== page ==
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3PAR Continues to be HP Storage Cornerstone

3PAR Continues to be HP Storage Cornerstone

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This week HP announced their new all-flash array, the 3PAR StoreServ 7450.  I’ll post separately on the details of the new platform, but for now, I’d like to discuss the strategy HP are taking compared to the wider market.

As we can see from one of the slides presented yesterday, HP are firmly targeting EMC’s disparate technology portfolio. It’s true that EMC have many different technologies they have acquired over the years, however in general these products meet a range of storage needs, so we should only be considering those within the platform types.  Even so, in primary storage we see 5 separate offerings.  This in itself isn’t a big deal unless you have a need to work across these platforms and want seamless and consistent management across them all.

HP continue to stress the benefit of the single 3PAR StoreServ platform in its ability to range from entry level (7200 model) to the high end StoreServ 10800.  The newly announced 7450 fits the “performance” requirement slot as can be seen on the second slide.  This slide also highlights the merits of a single interface, single technology and so on.  Personally I think this is a great benefit for a number of reasons including:

  • Data Mobility – I can move data in and out of my flash architecture device, using a single (built in) replication technology.  So, if I have workload that needs SSD performance, I can move it between arrays reasonably simply.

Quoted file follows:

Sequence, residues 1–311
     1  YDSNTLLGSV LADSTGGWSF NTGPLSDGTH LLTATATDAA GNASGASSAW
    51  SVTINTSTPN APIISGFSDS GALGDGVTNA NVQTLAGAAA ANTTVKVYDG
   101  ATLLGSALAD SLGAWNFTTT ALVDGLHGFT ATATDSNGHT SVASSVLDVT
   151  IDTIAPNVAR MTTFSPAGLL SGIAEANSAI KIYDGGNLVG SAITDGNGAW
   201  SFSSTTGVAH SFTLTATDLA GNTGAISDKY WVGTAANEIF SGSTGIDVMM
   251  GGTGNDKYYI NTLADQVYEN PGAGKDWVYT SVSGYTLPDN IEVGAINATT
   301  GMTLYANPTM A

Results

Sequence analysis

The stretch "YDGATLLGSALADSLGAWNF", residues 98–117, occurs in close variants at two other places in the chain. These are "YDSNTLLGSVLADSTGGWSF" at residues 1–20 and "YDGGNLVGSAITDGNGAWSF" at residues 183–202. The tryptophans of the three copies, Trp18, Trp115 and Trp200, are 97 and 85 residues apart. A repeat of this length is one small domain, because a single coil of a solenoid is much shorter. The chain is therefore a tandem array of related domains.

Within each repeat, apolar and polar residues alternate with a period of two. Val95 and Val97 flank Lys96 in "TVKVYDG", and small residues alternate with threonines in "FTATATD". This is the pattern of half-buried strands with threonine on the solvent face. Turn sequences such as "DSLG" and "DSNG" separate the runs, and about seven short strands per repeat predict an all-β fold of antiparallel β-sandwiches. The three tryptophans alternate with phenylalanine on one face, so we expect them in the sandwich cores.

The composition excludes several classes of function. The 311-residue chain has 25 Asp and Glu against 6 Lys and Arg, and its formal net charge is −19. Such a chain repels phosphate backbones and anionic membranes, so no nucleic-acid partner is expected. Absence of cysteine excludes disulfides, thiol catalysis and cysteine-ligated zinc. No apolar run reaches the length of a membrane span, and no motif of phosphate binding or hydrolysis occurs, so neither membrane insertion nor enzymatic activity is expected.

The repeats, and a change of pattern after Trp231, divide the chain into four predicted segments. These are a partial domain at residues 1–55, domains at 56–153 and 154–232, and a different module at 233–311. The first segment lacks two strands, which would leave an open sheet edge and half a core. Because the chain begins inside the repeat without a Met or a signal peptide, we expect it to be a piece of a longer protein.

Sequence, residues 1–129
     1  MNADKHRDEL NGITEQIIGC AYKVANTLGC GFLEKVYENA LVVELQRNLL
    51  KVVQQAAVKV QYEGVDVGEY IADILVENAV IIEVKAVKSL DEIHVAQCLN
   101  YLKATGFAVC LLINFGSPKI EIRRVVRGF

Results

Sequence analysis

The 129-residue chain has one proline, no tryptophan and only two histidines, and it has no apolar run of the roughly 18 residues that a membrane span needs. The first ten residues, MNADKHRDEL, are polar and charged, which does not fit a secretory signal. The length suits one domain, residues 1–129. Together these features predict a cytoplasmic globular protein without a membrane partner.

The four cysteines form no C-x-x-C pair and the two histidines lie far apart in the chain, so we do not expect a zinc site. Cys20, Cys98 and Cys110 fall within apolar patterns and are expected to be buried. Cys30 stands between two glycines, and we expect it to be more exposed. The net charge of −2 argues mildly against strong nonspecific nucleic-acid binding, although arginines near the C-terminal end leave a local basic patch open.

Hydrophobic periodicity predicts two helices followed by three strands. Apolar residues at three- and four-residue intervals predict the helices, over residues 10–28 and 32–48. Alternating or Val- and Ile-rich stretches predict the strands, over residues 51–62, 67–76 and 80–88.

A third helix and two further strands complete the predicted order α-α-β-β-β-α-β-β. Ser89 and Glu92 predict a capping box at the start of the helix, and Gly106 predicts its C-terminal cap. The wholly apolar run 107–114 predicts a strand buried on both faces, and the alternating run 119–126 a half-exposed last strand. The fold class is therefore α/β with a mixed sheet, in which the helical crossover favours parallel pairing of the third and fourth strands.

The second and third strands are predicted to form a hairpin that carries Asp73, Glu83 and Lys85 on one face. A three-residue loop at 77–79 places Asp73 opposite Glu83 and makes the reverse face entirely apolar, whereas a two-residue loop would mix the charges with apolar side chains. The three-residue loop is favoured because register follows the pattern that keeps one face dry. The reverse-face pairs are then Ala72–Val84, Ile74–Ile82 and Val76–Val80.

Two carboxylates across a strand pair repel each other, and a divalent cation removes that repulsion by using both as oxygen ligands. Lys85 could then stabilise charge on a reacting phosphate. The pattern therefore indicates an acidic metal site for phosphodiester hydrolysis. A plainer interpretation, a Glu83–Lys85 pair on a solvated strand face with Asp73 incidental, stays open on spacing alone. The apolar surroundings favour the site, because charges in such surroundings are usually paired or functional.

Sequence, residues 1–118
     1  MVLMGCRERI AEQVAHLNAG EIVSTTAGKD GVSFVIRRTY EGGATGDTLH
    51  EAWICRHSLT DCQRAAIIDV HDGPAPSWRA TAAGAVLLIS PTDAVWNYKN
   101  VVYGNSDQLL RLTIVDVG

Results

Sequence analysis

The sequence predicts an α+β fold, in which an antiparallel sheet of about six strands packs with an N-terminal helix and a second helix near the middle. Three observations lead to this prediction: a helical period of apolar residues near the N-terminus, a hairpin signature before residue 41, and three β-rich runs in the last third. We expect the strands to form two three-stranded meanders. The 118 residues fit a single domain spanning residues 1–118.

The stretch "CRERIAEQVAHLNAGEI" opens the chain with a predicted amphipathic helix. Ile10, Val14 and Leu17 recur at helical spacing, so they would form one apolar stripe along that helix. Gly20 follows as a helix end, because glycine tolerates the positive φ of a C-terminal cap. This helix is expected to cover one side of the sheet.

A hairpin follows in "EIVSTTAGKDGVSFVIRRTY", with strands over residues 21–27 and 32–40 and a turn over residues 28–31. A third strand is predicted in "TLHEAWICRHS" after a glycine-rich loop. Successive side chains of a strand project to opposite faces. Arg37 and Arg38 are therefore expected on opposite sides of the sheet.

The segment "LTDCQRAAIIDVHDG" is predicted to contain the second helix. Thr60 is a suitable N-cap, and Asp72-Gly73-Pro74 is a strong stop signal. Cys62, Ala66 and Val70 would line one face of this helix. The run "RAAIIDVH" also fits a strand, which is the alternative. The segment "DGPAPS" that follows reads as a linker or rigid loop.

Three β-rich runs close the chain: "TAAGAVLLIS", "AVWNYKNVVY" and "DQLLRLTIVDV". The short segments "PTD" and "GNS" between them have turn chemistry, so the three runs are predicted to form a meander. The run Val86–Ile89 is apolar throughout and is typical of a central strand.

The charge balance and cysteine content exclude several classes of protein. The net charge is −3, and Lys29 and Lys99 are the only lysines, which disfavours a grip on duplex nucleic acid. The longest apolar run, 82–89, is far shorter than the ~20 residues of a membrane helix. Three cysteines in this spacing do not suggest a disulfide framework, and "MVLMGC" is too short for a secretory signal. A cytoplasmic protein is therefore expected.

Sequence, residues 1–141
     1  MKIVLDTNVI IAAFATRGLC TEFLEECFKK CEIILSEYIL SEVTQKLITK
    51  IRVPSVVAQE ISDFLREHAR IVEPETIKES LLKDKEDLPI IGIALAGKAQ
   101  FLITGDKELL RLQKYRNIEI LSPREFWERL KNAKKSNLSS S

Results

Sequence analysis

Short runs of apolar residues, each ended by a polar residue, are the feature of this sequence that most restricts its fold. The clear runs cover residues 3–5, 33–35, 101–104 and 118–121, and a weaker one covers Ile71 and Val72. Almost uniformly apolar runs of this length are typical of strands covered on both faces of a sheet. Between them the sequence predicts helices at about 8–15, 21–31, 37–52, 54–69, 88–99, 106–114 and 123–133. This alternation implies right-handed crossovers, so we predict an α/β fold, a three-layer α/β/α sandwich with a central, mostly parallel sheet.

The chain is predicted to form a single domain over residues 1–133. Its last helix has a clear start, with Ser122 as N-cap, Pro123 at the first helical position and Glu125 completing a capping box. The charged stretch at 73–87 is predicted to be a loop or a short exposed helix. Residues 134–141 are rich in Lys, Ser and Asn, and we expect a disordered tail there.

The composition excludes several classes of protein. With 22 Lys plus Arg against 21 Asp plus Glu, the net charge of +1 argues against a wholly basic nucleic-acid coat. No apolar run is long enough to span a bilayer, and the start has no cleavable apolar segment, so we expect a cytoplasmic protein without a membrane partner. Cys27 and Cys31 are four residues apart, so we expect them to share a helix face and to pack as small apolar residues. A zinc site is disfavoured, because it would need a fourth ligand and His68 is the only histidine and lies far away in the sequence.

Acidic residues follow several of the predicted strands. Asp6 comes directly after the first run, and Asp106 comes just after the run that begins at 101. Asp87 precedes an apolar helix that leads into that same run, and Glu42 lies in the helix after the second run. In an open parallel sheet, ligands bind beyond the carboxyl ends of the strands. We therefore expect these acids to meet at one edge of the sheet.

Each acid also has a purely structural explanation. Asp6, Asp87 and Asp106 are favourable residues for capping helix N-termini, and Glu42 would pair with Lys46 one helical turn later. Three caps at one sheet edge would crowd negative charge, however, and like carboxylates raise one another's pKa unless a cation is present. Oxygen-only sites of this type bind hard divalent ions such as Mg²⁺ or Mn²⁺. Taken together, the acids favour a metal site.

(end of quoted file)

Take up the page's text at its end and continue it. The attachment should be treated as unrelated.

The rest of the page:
• Understandable Performance – the 3PAR architecture uses a dispersed architecture for storing data across as many disks or SSDs as possible.  The only difference between a standard array and the all-flash models is the speed of those devices.  This makes it easy for me to understand the amount of performance scaling I should expect without having to think in more detail about a new design.
  • Consistent Management – users can configure through a single interface and only have to go through one set of integration tasks for monitoring, alerting, security etc.

Could other vendors do this?  Of course they could.  It was interesting to see Hitachi was missed off HP’s competitor slide.  Their new flash blades and chassis for VSP are a realistic competitor to HP and provide the same scalability, consistent management and mobility features HP are claiming for 3PAR.  In addition, HP can support mainframe, where 3PAR can’t.  The funny thing is, at HP Discover in Frankfurt, HP were promoting the XP24000, the VSP equivalent, including the flash blades, meaning HP still rungs two platforms of their own.

The Architect’s View

In his keynote today, Dave Donatelli claimed that flash startups don’t have the breadth of features that the 3PAR platform offers.  This is somewhat disingenuous to the many companies that have created some true innovation in this new space.  However this is a standard marketing approach and we shouldn’t expect anything less.  We see worse from HP’s competitors.  The 3PAR platform does have an architecture that works well with SSD and both hardware and software changes have been made to the 7450 to optimise performance.  I’ll be posting more on this later, as the detail is what really counts for customers.